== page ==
In a randomized double-blind chemoprevention trial in Venezuela among a population at increased risk for gastric cancer, a combination of antioxidant vitamins (vitamins C, E, and beta carotene) failed to modify progression or regression of precancerous gastric lesions.[25] Another potential explanation for the lack of benefit of vitamin supplementation in this trial was the high prevalence of advanced premalignant lesions and the high H. pylori infection rate.[26]

A secondary analysis of the Alpha-Tocopherol Beta Carotene trial conducted on male smokers in Finland evaluated the effect of supplementation on gastric cancer incidence.[27] No protective effects for these supplements against gastric cancer were observed. Six-year follow-up results of a study of 976 Colombian patients have been reported. Patients were randomly assigned to receive eight different treatments that included vitamin supplements and anti-Helicobacter therapy either alone or in combination versus placebo. Among the 79 patients who received anti-Helicobacter therapy, a borderline statistically significant regression of intestinal metaplasia when compared with a placebo (15% vs. 6%; RR = 3.1; 95% CI, 1.0–9.3) was noted. However, the combinations of antibiotics and vitamins did not confer additional benefits. More importantly, the progression rate of intestinal metaplasia was comparable irrespective of the treatments received. The progression rate was 23% in the placebo group and 17% in antibiotic recipients.[28]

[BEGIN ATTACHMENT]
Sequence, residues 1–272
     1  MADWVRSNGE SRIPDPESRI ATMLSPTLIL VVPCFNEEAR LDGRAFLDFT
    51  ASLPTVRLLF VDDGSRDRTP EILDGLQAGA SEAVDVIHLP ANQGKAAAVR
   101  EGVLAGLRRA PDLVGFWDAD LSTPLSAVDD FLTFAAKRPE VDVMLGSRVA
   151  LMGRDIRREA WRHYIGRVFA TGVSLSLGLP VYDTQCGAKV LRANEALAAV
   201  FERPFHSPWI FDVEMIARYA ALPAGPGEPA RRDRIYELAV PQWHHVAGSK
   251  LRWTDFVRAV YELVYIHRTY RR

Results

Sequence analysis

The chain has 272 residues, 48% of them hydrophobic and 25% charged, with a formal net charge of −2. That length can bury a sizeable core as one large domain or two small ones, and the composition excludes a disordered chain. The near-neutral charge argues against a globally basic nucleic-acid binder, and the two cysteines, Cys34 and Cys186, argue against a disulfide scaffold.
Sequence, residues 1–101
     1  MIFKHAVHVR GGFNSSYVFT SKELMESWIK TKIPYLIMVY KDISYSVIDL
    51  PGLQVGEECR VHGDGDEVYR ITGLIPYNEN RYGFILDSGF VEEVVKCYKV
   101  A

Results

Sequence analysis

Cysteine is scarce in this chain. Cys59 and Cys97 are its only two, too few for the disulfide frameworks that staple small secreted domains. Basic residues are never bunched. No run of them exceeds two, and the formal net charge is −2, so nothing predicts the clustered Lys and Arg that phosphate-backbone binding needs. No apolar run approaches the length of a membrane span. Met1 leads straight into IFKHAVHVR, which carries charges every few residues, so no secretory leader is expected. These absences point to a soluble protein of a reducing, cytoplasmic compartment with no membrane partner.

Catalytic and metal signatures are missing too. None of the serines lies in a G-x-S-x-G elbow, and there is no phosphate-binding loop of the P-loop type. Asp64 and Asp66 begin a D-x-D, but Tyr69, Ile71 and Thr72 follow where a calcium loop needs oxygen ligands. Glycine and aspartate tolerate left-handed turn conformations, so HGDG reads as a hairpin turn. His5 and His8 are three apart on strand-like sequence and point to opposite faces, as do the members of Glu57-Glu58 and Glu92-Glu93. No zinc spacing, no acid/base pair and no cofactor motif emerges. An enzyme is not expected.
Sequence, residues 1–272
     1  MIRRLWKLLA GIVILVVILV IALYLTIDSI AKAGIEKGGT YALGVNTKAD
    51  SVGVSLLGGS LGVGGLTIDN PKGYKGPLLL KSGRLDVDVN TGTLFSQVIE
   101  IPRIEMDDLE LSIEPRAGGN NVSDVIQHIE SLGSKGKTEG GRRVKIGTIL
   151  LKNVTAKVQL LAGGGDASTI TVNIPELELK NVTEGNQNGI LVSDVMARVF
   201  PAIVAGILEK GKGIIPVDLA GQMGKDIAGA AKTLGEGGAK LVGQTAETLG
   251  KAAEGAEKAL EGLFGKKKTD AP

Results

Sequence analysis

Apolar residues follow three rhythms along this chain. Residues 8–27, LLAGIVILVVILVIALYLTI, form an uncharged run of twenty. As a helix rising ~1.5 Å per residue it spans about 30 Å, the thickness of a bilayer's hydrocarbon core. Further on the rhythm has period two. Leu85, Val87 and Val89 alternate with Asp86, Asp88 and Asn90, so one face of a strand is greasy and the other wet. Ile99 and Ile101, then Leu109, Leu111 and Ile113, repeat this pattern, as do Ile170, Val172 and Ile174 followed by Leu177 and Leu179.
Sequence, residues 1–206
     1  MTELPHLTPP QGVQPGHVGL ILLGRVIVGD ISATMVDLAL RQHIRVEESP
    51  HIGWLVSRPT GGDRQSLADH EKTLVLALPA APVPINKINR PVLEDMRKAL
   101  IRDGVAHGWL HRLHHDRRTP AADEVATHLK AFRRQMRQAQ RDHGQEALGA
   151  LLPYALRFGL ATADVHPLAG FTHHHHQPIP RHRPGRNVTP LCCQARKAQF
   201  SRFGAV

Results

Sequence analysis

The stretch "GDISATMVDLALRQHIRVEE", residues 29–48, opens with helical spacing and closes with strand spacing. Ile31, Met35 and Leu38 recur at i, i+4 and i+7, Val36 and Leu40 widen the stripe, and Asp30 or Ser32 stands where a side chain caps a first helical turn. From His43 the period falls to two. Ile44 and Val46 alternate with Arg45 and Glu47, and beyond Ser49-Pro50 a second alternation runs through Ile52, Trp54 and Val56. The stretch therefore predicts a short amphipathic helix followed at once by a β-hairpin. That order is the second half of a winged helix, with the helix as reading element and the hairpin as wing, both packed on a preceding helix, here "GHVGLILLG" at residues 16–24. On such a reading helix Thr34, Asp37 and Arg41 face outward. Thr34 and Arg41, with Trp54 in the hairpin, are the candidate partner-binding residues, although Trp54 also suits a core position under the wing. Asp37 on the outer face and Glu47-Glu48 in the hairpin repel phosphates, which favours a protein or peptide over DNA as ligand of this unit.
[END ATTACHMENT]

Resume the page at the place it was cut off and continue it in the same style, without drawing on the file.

A systematic review examined randomized trials of antioxidant dietary supplements for the prevention of gastrointestinal cancers, including gastric cancer.[29] Twenty trials were identified that assessed the preventive effects of antioxidant supplements or vitamin C on gastrointestinal cancer. With regard to gastric cancer, there were 12 comparisons of one or more micronutrients with placebo: beta-carotene alone (4 trials); vitamin C alone (1 trial); vitamin E alone (1 trial); vitamin A plus beta-carotene (1 trial); beta-carotene plus vitamin C (1 trial); beta-carotene plus vitamin E (1 trial); beta-carotene plus vitamins C and E (1 trial); selenium plus vitamins C and E (1 trial); and beta-carotene, vitamins C and E, and selenium (1 trial). None of the comparisons showed a statistically significant effect on the incidence of gastric cancer. The overall summary estimate across all trials of antioxidants showed no statistically significant effect (RR of gastric cancer = 1.14; 95% CI, 0.97–1.33). Approximately 0.51% of participants in the combined antioxidant groups developed gastric cancer versus 0.38% in the placebo groups after treatment of 2.1 to 12 years and follow-up for as many as 14.1 years. In the combined analysis of all 20 trials of antioxidants for the prevention of gastrointestinal cancers, a fixed effects model showed an increase in overall mortality of antioxidants compared to placebo (RR for mortality = 1.04; 95% CI, 1.02–1.07) but not in a random effects model (RR for mortality = 1.02; 95% CI, 0.97–1.07)